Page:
To accurately detect and respond to attacks you need both the possibility and the ability to see what’s happening. Only with both of these factors in place can you get true visibility across your estate. Possibility can be supplemented with automation, but ability only comes from highly skilled human intervention.

It’s right to take a broad view of your detection capability and to leverage opportunities presented by automation wherever possible. However, it’s important not to fall in the trap of thinking that automation alone is enough or that your problems can be solved in an automated way.

Automation provides excellent opportunities for testing your detection capability, but skilled human intervention is still indispensable to be truly effective at both detection and response. 



Accreditations & Certificates

MWR is an accredited member of The Cyber Security Incident Response Scheme (CSIR) approved by CREST (Council of Registered Ethical Security Testers).
MWR is certified under the Cyber Incident Response (CIR) scheme to deal with sophisticated targeted attacks against networks of national significance.
We are certified to comply with ISO 9001 and 14001 in the UK, internationally accepted standards that outline how to put an effective quality and environmental management systems in place.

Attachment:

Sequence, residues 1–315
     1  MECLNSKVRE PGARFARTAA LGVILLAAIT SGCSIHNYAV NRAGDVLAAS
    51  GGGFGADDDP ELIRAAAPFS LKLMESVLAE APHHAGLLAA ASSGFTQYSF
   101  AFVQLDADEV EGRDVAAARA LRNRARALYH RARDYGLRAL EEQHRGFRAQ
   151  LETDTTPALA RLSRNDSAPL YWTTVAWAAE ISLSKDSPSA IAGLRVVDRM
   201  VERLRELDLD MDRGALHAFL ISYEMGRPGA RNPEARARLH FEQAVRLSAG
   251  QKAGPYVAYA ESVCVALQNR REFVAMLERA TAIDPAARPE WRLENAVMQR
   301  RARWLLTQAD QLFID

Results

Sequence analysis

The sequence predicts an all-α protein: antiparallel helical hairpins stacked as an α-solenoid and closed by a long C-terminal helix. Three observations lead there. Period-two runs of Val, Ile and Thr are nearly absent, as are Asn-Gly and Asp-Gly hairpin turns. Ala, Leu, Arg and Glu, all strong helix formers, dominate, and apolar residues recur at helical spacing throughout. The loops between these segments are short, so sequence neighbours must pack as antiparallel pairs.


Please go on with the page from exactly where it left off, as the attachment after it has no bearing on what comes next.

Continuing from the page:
MWR is certified to comply with ISO 27001 to help ensure our client information is managed securely.
As an Approved Scanning Vendor MWR is approved by PCI SSC to conduct external vulnerability scanning services to PCI DSS Requirement 11.2.2.
We are members of the Council of Registered Ethical Security Testers (CREST), an organisation serving the needs of the information security sector.
MWR is a supplier to the Crown Commercial Service (CCS), which provides commercial and procurement services to the UK public sector.
MWR is a Qualified Security Assessor, meaning we have been qualified by PCI to validate other organisation's adherence to PCI DSS.
As members of CHECK we are measured against high standards set by NCSC for the services we provide to Her Majesty's Government.
MWR’s consultants hold Certified Simulated Attack Manager (CCSAM) and Certified Simulated Attack Specialist (CCSAS) qualifications and are authorized by CREST to perform STAR penetration testing services.